At this year’s Structure Connect, Gigaom Research hosted a collaborative Mapping Session for conference attendees on securing the Internet of Things. Mapping Sessions tap the collective wisdom of our analysts and other thought leaders to tease out the most disruptive trends shaping a space over the next 12-24 months. We integrate feedback from these sessions into our research planning, and many of the sessions directly inform our Sector Roadmap reports.
The IoT Security Mapping Session was a success, and we thank everyone who attended for their participation. Some key themes that emerged from the session included:
Device proliferation will have a substantial destabilizing effect on security.
Users will experience “security fatigue” as the scope of personal device management extends beyond the smartphone to watches, other wearables, household devices, and automobiles. Users cannot be expected to maintain any level of personal policy management, and it will be incumbent upon every participant in the value chain – from app developers to hardware manufacturers to network service providers – to compensate.
Developers will experience fatigue, too.
Talented developers are already in short supply, and the fragmented nature of the IoT will make this worse. While standards are in flux and every new form factor brings a unique set of requirements, developers will scramble to extend their skill sets while delivering on a growing workload, creating massive opportunities for the introduction of security holes.
Networks will stumble.
The current crop of networking options are not suitable for the types or volume of traffic the IoT will create in just a few years. The IoT will generate vastly larger numbers of connections of substantially smaller size, with a wide variety of QoS requirements, and very different monetization allowances. New networks that rise to meet these challenges will need to be both secure and resilient, which could be a challenge for nascent technologies with an emerging revenue model.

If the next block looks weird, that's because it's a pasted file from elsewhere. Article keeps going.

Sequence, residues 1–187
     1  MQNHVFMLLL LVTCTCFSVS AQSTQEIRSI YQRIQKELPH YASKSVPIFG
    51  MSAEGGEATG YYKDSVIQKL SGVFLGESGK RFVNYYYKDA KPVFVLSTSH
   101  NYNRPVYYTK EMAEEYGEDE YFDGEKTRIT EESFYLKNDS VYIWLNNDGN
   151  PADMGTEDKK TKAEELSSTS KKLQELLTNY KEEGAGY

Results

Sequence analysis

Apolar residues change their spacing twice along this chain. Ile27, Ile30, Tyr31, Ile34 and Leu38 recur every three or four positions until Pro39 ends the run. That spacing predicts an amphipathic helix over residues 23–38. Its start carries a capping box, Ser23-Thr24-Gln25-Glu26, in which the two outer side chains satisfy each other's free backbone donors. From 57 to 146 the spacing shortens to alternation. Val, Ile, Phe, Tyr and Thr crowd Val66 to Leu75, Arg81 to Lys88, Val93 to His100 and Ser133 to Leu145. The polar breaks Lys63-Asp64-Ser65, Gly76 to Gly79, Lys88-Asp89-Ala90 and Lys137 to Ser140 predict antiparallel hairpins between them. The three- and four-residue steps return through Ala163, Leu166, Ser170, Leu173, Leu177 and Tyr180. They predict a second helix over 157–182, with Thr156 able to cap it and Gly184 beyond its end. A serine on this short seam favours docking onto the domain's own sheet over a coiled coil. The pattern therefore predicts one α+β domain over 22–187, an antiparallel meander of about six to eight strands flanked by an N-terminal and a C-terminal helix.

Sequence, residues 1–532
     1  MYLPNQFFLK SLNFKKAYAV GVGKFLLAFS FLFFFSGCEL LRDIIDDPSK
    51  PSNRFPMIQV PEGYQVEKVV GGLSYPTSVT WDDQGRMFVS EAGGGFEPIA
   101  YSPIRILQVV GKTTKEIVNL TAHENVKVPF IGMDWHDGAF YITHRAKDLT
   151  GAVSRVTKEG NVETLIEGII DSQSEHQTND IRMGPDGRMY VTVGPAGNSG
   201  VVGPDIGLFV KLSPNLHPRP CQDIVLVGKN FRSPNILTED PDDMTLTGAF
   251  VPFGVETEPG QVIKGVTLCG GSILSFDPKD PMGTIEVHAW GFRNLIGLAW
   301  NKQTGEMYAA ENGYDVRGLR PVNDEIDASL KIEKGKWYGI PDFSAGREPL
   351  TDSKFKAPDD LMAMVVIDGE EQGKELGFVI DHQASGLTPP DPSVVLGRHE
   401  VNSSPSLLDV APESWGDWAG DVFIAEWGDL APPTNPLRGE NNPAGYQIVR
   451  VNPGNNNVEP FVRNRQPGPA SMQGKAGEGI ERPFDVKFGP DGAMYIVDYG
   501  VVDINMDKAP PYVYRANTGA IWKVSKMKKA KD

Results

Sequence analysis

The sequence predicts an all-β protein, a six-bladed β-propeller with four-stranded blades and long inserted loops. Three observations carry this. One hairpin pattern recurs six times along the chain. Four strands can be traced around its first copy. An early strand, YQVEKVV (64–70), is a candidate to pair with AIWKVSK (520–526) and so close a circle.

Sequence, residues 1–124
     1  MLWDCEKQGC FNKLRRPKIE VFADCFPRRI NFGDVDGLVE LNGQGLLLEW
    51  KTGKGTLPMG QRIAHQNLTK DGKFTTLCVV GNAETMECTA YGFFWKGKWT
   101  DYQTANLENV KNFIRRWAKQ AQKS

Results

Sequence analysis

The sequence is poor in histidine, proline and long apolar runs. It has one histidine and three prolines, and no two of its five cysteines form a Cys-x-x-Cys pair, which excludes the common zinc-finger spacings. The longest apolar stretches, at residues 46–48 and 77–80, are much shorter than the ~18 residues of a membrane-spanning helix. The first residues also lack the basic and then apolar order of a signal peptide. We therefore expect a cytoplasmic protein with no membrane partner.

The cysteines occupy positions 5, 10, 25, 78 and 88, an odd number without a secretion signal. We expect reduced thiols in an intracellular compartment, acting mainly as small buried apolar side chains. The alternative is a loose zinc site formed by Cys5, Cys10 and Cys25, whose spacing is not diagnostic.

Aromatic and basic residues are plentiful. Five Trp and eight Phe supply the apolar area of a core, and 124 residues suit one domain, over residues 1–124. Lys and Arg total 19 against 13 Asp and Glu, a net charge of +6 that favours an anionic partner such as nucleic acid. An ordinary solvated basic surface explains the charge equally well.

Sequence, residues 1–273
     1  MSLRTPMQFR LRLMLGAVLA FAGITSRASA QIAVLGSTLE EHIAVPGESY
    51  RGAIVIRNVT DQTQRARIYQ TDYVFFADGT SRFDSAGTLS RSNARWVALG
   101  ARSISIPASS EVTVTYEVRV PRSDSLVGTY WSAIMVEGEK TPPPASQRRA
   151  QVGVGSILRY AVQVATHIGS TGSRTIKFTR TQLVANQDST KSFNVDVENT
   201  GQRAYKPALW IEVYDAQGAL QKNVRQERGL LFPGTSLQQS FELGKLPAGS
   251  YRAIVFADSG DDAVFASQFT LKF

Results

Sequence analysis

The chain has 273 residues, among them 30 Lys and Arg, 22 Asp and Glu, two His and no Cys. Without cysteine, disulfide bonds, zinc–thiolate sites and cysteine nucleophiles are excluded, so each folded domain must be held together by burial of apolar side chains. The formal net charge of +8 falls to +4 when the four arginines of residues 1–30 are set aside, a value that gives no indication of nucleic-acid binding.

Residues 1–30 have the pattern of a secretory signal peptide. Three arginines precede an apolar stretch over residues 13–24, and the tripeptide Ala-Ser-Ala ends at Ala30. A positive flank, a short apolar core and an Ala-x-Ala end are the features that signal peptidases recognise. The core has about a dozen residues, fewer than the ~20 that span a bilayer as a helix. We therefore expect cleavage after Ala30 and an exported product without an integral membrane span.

An “awareness event” is inevitable – and positive.
A massive, damaging security meltdown is inevitable, and the participants felt that ultimately, such a breach would be positive for the security community, driving greater urgency behind open standards initiatives.
The “security underwriter” will rise.
Most of the participants agreed that there was a tremendous opportunity for a security underwriter – essentially a next-gen certificate authority – to step in and verify that an IoT ecosystem is secure. There was less agreement on whether one party would have the resources to audit the entire chain, and everyone agreed that the challenge of certifying a constantly-changing collection of third-party APIs would be daunting.
We welcome your feedback on these and other disruptive trends. Have we missed anything that you believe will be key to shaping this market over the next two years? Continue the discussion by leaving a comment below.
Mapping session panelists.
Cormac Foster, Research Director, Gigaom Research
Rich Morrow, Analyst, Gigaom Research & Founder, quicloud
Lee Doyle, Analyst, Gigaom Research & Principal Analyst, Doyle Research